Last month, global ticketing company Eventbrite announced a launch in Hong Kong on the back of its entry into Singapore in February. Phil Silverstone, general manager, Asia Pacific, Eventbrite, told CEI that while the company has been processing tickets in Singapore and Hong Kong for a number of years now, the organic growth in both markets encouraged stronger investment there.
“This first stage that we’re moving forward with in Hong Kong and Singapore is really to go the next level of localising the product for the needs of the creators and event consumers in those markets,” he said.
The entry into both markets is indicative of a larger trend of live events and experiences. “We see a real strong macro-economic theme globally, but it’s heightened in Southeast Asia. We’ve done a number of studies on the market and if we look at event-goers in Singapore, for example, 95% of Singaporeans said that they attended an event in the previous year compared to say, the US market, which is about 80%,” said Silverstone.
“In Singapore and Hong Kong, we see a number of data points that indicate that those markets are showing greater demand. We also looked at ‘what you’d rather spend your money on’ and four in five people in Singapore and Hong Kong prefer to spend on experiences versus things or possessions. And it’s that trend that fuels more and more live experiences to be created.”
Four in five people in Singapore and Hong Kong prefer to spend on experiences versus things or possessions. And it’s that trend that fuels more and more live experiences to be created.
On top of that, Eventbrite has identified other secular themes that have fueled a desire for live experiences, the biggest of them being social media which “creates a concept of social currency”. “Facebook is where people are not only sharing the things that they do with their network but also seeing what others do. And that fuels a desire to attend,” said Silverstone.
But were people coming into the platform with an event in mind or hoping to discover things to do by browsing available content? It’s a mix of both, according to Silverstone. “When we are more of a new entry to a market, we have fewer events on the platform because we’re working on the B2B side to get more event creators to create their inventory. So that makes it less appealing as a ‘discover things to do’ option in a destination. But as we build that scale, it becomes more and more relevant,” he said.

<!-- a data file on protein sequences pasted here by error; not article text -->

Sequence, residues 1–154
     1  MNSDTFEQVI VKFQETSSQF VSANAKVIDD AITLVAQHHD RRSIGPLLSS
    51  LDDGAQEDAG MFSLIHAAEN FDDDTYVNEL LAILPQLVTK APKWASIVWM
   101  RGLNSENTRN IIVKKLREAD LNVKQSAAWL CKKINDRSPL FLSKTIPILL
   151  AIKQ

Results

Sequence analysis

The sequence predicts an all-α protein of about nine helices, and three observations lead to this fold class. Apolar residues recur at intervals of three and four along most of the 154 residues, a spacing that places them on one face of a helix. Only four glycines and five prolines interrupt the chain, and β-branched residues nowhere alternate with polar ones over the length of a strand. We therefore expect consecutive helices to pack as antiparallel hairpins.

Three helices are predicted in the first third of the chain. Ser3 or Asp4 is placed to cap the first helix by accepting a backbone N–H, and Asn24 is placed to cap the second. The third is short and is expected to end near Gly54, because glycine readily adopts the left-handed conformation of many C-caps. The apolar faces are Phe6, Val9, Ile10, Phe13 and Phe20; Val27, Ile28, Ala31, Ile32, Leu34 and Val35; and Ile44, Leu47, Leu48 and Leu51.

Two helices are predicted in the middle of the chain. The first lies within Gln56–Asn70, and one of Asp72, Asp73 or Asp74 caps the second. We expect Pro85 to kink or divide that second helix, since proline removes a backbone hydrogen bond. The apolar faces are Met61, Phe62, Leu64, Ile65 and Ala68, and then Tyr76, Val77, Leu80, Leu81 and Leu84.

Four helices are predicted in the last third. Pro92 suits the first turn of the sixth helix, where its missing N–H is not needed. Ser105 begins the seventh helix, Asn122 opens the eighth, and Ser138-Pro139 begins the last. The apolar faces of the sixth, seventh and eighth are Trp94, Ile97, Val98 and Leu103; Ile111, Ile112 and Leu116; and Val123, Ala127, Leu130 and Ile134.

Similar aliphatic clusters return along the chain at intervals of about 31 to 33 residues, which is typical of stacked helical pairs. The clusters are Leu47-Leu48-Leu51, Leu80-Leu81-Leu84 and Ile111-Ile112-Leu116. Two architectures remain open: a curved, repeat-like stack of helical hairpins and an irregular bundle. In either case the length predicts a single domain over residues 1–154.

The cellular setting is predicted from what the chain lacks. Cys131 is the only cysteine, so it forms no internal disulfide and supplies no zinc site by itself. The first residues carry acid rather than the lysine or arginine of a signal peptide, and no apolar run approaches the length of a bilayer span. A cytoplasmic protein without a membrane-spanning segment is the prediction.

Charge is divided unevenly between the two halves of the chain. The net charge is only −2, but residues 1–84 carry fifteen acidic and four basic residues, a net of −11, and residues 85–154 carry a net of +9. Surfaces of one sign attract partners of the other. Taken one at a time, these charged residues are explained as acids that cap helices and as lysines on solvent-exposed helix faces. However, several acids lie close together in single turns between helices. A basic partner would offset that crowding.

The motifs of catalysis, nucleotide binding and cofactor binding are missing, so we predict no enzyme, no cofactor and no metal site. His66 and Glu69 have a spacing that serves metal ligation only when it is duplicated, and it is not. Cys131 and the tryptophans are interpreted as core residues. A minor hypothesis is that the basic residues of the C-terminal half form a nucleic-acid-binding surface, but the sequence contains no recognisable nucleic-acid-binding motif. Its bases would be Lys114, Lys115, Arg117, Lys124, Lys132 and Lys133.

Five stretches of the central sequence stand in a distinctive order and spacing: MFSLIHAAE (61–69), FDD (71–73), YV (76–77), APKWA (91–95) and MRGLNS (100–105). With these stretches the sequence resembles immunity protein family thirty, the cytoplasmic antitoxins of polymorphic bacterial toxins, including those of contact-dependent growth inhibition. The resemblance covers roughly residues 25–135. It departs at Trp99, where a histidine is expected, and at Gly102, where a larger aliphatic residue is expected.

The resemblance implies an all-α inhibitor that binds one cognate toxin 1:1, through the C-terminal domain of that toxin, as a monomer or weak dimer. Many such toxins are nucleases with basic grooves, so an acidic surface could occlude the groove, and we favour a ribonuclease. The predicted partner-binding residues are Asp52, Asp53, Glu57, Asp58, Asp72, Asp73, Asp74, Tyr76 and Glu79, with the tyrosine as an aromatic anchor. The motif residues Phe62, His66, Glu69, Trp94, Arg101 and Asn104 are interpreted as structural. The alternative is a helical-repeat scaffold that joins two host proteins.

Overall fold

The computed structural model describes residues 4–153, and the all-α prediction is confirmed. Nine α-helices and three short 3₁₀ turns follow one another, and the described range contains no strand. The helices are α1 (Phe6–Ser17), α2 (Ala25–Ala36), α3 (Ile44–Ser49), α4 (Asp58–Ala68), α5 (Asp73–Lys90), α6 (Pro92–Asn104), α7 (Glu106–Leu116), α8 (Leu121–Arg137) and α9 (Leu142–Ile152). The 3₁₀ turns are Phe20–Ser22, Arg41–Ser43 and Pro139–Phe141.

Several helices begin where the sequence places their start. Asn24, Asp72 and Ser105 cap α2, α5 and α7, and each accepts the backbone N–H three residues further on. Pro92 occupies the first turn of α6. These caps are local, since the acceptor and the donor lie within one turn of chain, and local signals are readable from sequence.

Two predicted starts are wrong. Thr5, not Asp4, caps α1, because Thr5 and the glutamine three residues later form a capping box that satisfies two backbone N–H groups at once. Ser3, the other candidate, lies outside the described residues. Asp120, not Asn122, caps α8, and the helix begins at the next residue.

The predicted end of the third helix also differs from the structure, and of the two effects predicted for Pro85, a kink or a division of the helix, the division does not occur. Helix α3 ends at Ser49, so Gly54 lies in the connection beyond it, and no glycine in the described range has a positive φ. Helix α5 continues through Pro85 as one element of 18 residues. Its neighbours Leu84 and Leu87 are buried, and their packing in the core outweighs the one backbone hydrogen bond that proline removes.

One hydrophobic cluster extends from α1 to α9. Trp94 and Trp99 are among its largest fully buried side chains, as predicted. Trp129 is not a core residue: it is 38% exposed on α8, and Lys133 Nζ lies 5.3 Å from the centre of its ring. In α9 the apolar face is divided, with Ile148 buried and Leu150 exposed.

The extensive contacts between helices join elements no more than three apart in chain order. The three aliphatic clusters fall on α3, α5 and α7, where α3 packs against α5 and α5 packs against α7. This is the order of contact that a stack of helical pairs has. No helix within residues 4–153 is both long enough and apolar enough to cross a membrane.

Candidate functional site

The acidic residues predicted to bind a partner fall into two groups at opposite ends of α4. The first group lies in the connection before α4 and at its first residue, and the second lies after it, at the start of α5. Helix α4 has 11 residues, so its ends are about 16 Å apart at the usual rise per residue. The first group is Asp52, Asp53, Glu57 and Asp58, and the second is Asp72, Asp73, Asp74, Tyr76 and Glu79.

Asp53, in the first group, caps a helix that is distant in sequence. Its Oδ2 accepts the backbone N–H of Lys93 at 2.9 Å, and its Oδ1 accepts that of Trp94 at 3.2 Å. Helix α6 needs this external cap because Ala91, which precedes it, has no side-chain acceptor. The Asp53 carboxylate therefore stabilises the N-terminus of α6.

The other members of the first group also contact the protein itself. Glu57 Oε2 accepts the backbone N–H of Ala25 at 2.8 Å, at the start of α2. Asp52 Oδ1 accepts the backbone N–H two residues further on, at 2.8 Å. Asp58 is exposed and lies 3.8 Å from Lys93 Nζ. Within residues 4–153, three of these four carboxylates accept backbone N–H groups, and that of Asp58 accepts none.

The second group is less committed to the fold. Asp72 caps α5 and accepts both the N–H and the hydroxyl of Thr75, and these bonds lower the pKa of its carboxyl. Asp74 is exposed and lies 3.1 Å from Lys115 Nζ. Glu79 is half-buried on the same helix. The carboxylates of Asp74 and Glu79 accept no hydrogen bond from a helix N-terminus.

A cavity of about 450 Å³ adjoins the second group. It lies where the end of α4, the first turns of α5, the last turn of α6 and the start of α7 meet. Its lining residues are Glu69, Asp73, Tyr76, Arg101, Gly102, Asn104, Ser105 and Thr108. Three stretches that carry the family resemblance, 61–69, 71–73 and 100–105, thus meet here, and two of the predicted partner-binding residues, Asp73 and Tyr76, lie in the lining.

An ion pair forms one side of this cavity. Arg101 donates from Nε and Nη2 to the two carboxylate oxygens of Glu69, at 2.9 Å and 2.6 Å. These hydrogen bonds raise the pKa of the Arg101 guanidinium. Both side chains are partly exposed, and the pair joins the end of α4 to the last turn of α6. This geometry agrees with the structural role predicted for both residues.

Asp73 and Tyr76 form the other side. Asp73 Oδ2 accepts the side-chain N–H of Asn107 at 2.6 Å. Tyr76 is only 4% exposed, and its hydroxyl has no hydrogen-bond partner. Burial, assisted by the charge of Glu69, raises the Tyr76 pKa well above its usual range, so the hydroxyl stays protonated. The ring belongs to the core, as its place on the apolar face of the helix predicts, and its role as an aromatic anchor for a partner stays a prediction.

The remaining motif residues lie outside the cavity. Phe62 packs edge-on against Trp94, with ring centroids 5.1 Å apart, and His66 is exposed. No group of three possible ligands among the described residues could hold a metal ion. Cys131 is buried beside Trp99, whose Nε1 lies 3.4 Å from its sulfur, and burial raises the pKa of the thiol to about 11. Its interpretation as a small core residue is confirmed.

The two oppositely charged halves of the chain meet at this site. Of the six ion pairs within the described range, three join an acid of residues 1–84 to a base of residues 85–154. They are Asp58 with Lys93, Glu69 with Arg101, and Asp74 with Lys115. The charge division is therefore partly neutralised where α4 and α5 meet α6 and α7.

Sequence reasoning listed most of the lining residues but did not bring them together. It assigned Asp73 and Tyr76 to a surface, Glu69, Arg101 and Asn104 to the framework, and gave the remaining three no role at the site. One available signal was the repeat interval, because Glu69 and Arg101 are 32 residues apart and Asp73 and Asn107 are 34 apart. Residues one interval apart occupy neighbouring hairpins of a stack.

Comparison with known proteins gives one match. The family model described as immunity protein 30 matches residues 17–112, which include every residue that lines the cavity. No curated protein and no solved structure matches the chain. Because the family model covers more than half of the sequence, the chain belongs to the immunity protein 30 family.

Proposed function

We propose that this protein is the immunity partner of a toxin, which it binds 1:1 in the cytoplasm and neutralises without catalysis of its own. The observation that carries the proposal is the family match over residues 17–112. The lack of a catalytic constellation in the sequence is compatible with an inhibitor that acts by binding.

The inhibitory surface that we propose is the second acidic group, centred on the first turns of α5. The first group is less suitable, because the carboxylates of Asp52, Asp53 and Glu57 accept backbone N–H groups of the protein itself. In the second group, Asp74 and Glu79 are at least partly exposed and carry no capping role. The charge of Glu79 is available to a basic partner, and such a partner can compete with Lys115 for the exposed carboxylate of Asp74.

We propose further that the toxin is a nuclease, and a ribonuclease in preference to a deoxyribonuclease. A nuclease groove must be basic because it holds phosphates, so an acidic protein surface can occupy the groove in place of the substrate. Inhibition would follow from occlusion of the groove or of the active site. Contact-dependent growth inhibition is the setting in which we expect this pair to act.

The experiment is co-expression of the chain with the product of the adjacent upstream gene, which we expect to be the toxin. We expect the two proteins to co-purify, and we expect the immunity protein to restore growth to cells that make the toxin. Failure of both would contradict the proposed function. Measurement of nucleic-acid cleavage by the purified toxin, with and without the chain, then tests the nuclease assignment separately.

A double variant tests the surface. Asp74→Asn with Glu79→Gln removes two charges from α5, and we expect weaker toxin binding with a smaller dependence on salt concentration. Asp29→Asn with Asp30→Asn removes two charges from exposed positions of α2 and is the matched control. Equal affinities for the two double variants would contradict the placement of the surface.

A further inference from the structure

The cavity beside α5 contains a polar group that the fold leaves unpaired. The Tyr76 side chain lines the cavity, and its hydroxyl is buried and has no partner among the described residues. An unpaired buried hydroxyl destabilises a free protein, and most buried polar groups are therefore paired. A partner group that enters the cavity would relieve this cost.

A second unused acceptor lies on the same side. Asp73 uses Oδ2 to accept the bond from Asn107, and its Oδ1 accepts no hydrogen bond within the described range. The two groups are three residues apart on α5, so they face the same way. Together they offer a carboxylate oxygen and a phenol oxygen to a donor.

“In Asia Pacific as a whole, over the term we’ve been on business here, we’ve processed over 64mil tickets that power over 1.1mil events. So when you have that sort of a scale, it gives you an inventory which then allows you to be more relevant to more people. Because the chances are that in that in between 1.1mil events, there’s something that you’re interested in.
“We work hard on the way our discovery engines work on the site to present things that are relevant to each individual either based on how they’ve come to the site, what they’ve searched for, or if they’ve purchased tickets on Eventbrite before.”
To be a successful ticketing platform is to also offer consumers the opportunity to look for things to do and events to attend. “We do that in a number of ways. Number one, we have a lot of links on our site and therefore, we’re really strong from an SEO perspective, and we have a good discovery engine for things to do,” said Silverstone. “But we also have a really distributed philosophy to that. We invest in the power of our platform to discover as well as purchase in a place like Facebook.”
The fact that that people are driven to look for things to do on social media has led to Eventbrite partnering up with Facebook and Instagram in Hong Kong and Singapore respectively. “That’s one of the things we’re able to do by localising the platform. The partnerships we have allow us to distribute the purchase process into Facebook and Instagram,” said Silverstone.
“[Otherwise] you get a clunky process that’s disconnected where you might discover the event on Facebook and Instagram, but you have to go through multiple steps to actually purchasing the ticket. [Through the partnership], consumers can find the event [on Facebook or Instagram] and purchase then and there. What we see through that is not only a better user experience but also an increase in conversion for the creator of the event.”
With partnerships across giant tech brands, Eventbrite is not very keen on leveraging the scale of data available to them. Instead, they’re more interested in connecting the event creator with the consumer. “Our philosophy is really that we’re a platform to help the event creator to engage with their customers. A lot of other ticketing companies will force consumers into their site and force them to create an account so that they can capture that data,” he said.
“At the end of the day, the consumer wants the relationship with the event or artist that they’re going to see, not with the ticketing company. So our job is to stay out of the way as much as possible.
“What we don’t see in any market around the globe is a successful story of any one company being the one place to go to find those things to do. And that’s what really informs our strategy and distribution – we don’t think there’s a world in the future where Eventbrite is the only website that people are going to go to And rather, our strategy it to make it easier for people to find things to do no matter where they are.”